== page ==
In both of these, Israel looks forward to the coming of the messiah, even as the church looks forward not only to its annual commemoration of Christ’s incarnation in Bethlehem, but also to the great promise of his second coming and the final redemption of our fallen world. The cry to “Come, thou long expected Jesus!” is both a plea for deliverance and a statement of faith. There is as much pain in it as joy, and perhaps even a mingling of defiance, as the singer looks out on what appears to be reality and avers that his hope, his desire, is not in this world, but in something better and brighter.

A Light in the Darkness

Light and darkness very often figure in the liturgy of Advent. One eighteenth-century Scottish hymn text echoes the Biblical words of Isaiah 9 and Matthew 4: “The people that in darkness sat / A glorious light have seen; / The light has shined on them who long / In shades of death have been.”

Almost contemporaneously, in France another hymn-writer started his approach to Christmas in the same manner that the Gospel of Luke does—with the story of John the Baptist: “On Jordan’s bank the Baptist’s cry / Announces that the Lord is nigh. / Awake and hearken, for he brings / Glad tidings of the King of kings!”

A German carol from the previous century elaborates the same theme. The first verse goes back to the idea of light and darkness, despair and deliverance: “Comfort, Comfort Ye My People, / Speak of peace, so says your God, / Comfort those who sit in darkness, / Groaning under sin’s dread rod.”

The later verses again recount not herald angels, but John’s preparatory ministry: “Hark, the herald’s voice is crying, / In the desert far and near, / Calling us to true repentance, / For the kingdom now is here.”

The Discipline of Waiting

Most Christians are familiar with a time of repentance and reflection before a high holy day, but we usually call it Lent, not Advent. When we start in on the loud proclamations of joy as soon as the Thanksgiving table is cleared, we deprive ourselves of a historic period of preparation and meditation. The famous 12 days of Christmas—the liturgical Christmas season—come not before Christmas, as modern big-box retailers seem to think, but after it. In the meantime, we wait.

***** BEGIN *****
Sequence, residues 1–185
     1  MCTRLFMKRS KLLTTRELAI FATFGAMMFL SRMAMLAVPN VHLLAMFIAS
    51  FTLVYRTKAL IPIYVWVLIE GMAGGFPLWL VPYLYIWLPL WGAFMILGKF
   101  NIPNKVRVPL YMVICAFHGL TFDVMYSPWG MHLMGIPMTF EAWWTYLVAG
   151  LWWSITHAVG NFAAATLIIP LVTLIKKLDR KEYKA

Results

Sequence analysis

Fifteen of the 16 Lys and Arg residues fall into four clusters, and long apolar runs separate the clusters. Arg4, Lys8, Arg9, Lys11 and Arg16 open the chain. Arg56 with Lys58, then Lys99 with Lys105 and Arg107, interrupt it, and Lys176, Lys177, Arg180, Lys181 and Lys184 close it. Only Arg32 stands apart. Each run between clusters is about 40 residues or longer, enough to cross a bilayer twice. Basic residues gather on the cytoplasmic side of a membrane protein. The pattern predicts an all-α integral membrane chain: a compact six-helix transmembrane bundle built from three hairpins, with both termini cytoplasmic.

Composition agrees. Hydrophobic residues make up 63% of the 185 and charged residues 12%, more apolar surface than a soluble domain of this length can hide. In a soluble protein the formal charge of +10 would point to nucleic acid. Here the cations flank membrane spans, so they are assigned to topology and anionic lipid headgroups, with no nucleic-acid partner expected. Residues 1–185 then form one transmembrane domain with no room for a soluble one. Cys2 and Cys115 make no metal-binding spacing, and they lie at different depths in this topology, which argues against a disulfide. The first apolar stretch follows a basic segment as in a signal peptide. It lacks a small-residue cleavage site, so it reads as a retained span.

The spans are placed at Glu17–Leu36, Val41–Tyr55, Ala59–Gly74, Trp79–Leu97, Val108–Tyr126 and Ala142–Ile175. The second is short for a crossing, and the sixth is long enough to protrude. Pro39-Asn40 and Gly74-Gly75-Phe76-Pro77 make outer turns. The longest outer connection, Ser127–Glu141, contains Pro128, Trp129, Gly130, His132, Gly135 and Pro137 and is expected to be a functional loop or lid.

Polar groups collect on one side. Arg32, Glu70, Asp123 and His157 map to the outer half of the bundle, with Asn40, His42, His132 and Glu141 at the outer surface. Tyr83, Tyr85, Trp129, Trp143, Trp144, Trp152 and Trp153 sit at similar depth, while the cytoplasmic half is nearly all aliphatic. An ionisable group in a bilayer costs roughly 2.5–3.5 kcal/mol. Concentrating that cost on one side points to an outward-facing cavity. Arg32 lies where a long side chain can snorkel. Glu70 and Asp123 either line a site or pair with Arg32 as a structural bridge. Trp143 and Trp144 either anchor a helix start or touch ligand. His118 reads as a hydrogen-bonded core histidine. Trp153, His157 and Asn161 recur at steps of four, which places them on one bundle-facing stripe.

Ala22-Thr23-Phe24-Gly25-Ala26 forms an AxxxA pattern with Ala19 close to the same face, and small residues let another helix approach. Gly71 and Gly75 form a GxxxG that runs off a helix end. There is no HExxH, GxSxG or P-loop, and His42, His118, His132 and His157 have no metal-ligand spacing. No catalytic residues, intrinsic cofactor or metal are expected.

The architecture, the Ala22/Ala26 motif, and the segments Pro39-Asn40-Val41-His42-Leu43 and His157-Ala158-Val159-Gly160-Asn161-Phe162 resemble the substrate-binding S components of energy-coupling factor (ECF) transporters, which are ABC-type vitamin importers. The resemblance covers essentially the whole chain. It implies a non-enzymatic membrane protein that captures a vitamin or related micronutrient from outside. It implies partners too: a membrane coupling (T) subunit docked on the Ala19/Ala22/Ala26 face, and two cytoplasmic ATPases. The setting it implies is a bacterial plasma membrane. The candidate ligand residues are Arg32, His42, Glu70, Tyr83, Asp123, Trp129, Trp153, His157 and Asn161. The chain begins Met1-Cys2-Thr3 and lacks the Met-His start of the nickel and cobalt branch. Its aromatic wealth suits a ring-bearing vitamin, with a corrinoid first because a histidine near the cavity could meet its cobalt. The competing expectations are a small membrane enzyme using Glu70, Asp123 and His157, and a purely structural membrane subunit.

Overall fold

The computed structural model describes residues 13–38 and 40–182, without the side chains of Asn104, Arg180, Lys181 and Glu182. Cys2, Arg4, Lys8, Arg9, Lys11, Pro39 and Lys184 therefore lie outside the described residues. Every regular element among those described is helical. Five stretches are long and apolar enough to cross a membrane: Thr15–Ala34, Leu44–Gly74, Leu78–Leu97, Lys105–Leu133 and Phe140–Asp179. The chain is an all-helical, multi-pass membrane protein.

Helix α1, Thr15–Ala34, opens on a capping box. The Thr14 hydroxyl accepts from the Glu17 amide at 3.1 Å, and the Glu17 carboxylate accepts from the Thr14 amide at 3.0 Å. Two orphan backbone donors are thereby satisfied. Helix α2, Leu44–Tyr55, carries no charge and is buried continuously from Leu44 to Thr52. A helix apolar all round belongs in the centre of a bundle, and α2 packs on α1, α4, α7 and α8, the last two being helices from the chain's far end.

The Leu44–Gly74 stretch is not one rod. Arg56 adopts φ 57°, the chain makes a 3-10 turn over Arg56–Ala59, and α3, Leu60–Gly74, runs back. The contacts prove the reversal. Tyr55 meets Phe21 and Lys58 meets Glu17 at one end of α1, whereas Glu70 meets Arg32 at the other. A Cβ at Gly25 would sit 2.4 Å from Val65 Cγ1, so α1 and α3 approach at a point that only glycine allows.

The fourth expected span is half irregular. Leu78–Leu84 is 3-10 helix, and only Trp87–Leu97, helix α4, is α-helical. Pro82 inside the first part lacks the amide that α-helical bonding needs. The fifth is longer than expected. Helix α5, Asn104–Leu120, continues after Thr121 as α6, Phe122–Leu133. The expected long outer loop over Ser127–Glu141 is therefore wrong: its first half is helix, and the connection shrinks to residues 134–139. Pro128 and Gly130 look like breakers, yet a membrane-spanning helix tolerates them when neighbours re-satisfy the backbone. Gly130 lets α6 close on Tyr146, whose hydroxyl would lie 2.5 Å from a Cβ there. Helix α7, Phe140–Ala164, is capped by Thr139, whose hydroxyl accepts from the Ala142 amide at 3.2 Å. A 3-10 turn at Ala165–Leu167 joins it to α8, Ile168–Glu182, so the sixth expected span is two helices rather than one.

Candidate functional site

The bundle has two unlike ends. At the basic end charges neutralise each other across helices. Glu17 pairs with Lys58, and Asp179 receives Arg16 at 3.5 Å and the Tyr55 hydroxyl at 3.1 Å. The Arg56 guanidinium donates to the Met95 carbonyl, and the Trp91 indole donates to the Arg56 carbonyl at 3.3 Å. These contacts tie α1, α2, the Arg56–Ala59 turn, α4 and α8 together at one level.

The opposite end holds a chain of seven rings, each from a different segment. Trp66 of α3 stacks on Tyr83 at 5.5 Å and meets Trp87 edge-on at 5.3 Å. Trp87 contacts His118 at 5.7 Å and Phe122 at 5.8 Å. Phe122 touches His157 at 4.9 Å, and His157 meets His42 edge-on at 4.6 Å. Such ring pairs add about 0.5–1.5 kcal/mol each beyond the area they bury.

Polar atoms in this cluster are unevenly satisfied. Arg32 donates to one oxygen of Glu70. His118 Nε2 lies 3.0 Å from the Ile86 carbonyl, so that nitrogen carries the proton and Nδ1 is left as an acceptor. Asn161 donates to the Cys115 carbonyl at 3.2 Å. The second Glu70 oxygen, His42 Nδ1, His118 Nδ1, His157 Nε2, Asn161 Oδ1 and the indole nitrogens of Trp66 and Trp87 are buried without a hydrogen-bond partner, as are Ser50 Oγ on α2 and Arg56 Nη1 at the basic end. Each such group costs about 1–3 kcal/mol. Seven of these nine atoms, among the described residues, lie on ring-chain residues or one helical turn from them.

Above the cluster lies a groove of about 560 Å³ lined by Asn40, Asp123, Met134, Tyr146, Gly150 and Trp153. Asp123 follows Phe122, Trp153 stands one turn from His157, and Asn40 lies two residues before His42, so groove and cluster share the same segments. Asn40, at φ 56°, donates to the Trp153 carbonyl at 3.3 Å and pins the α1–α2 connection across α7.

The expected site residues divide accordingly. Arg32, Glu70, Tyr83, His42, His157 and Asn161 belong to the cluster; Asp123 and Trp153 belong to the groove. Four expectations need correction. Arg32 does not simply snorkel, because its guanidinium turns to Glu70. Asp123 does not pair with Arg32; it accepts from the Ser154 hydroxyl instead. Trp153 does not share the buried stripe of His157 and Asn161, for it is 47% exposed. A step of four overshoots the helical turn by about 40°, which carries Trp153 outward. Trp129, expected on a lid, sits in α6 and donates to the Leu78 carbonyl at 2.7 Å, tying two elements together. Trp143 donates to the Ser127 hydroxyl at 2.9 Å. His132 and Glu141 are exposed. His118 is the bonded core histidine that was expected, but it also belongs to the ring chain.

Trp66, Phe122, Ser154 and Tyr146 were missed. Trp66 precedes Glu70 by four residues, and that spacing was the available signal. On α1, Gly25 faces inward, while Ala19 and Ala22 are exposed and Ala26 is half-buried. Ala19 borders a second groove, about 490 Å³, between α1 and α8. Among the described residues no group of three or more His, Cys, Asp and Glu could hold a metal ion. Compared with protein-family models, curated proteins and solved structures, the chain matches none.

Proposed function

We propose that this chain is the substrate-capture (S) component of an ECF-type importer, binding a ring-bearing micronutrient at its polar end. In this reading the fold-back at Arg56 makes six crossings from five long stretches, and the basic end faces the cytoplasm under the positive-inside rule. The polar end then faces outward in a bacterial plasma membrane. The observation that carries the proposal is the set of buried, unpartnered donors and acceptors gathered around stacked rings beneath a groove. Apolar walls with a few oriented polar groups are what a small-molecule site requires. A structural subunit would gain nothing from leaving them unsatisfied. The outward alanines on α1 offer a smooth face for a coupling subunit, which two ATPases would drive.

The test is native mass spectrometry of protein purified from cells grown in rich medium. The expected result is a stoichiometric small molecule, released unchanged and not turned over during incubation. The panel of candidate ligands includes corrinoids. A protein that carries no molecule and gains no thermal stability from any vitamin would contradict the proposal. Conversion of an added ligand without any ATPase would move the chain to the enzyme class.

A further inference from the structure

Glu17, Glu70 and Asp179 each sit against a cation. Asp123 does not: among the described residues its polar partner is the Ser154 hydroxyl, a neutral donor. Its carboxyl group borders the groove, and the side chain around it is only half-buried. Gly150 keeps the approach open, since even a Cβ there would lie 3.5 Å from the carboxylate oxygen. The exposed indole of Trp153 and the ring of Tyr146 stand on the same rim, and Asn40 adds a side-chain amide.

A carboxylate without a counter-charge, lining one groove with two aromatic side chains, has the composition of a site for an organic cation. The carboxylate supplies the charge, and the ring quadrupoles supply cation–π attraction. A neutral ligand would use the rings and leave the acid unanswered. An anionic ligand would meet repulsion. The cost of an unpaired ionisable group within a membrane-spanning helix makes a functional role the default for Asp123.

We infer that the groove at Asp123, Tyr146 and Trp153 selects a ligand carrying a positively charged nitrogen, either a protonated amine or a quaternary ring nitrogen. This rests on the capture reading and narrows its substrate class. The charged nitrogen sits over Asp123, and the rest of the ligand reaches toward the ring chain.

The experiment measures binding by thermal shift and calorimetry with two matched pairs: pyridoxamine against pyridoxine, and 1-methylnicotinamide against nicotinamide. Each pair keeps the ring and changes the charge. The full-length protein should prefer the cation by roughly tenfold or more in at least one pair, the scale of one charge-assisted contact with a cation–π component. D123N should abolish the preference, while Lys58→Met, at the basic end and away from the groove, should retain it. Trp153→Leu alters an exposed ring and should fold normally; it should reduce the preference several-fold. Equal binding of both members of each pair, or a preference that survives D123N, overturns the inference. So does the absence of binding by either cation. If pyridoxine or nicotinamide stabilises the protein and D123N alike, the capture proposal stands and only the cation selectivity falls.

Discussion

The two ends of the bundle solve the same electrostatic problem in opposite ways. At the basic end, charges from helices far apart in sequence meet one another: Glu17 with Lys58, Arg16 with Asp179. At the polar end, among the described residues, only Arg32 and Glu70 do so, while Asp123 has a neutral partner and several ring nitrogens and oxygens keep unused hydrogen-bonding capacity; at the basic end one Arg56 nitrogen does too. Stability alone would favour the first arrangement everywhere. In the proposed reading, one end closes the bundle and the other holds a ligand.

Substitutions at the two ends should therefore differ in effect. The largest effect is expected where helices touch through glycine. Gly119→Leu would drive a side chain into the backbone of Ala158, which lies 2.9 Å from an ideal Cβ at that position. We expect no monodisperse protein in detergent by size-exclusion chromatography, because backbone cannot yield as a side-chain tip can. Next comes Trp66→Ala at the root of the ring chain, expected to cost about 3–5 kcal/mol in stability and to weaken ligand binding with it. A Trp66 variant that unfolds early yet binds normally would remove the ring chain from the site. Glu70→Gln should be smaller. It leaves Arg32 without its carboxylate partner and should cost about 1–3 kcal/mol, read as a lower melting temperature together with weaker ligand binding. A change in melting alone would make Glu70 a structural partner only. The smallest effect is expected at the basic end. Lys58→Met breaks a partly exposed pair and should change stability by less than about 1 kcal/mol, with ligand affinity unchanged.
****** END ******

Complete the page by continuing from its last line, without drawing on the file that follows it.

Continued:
Fundamentally, waiting is a discipline, and it isn’t a common modern accomplishment. In the era of Amazon Prime, we are not used to waiting. Yet Christians are called to be a waiting people. Even after the coming of David’s great seed, the church—new Israel—still awaits the fulfillment of God’s kingdom.

In the New Testament, the Apostle Paul describes all creation groaning as earth waits for her final redemption (Romans 8:23). But though we sometimes wait amidst darkness and groaning, we never wait without hope, and the hymns of Advent do much to magnify this truth.

One of my personal favorites is this jubilant lyric, taken from Psalm 24: 9-10: “Lift up your heads, ye mighty gates, / Behold the King of glory waits, / The King of kings is drawing near, The Savior of the world is here. / Oh, blest the land, the city blest, / Where Christ the ruler is confessed! / Oh, happy hearts and happy homes / To whom this King in triumph comes!”

Advent Grapples with Sorrow and Darkness

As adults, we often have too much on our plates to feel like we’re waiting for Christmas—holiday parties, last-minute work projects, decorations to put up, presents to buy, and family to plan for. We may be longing for Christmas, but we’re rarely waiting for it. Children, however, are always waiting for Christmas, and it’s charming because it is a joyous waiting.

If the accumulated traditions of Lent enforce discipline through denial, then the traditions of Advent are a glorious reversal, even the extra-ecclesiastical ones. Children know this, as they wait wide-eyed for Santa Claus and the unbridled glee of shredding the wrapping paper off piles and piles of Christmas loot.

Instead of forgoing indulgence, even adults can now open a little door to find a chocolate or a trinket or a miniature bottle of booze every day, for 25 glorious calendar days. (Side note: anyone willing to buy the author of this post an Advent calendar focused on whisky, cocktails, or high-end makeup is entitled to immediate lifelong goodwill.)

Yet the hymns of Advent grapple with the reality of darkness, of sorrow, of stress. They deal with a lot fewer singing angels and a lot more dark nights. Yet every last one of them points the singer forward, waiting in hope for comfort, for redemption, for a joy that passes all understanding.